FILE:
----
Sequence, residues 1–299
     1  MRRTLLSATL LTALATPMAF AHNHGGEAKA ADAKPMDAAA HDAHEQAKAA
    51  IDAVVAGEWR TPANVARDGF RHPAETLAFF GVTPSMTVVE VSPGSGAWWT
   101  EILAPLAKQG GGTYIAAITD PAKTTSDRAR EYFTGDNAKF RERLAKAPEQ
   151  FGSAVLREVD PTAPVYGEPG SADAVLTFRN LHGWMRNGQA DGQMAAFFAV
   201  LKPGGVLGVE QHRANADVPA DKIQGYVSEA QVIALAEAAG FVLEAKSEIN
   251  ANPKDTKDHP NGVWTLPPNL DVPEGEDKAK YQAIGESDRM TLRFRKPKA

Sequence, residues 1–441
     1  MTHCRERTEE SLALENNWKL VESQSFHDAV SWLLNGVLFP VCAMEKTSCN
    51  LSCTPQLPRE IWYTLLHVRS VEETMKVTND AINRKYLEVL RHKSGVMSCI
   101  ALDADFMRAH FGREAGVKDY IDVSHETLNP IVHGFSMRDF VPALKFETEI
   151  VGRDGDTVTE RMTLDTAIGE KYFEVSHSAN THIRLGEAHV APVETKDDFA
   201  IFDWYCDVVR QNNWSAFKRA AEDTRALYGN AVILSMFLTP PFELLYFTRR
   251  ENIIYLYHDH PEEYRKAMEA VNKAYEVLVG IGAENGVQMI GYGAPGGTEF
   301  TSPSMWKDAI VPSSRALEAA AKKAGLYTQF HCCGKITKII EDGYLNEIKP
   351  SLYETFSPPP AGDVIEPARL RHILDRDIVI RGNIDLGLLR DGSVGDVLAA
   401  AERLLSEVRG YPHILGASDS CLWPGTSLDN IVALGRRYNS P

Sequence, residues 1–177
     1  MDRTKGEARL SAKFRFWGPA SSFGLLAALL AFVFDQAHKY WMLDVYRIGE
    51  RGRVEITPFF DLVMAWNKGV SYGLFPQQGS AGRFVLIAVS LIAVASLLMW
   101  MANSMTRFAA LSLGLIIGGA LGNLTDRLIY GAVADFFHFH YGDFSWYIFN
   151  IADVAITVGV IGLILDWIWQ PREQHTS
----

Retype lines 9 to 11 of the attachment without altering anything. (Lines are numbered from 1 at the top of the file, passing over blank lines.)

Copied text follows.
     1  MTHCRERTEE SLALENNWKL VESQSFHDAV SWLLNGVLFP VCAMEKTSCN
    51  LSCTPQLPRE IWYTLLHVRS VEETMKVTND AINRKYLEVL RHKSGVMSCI
   101  ALDADFMRAH FGREAGVKDY IDVSHETLNP IVHGFSMRDF VPALKFETEI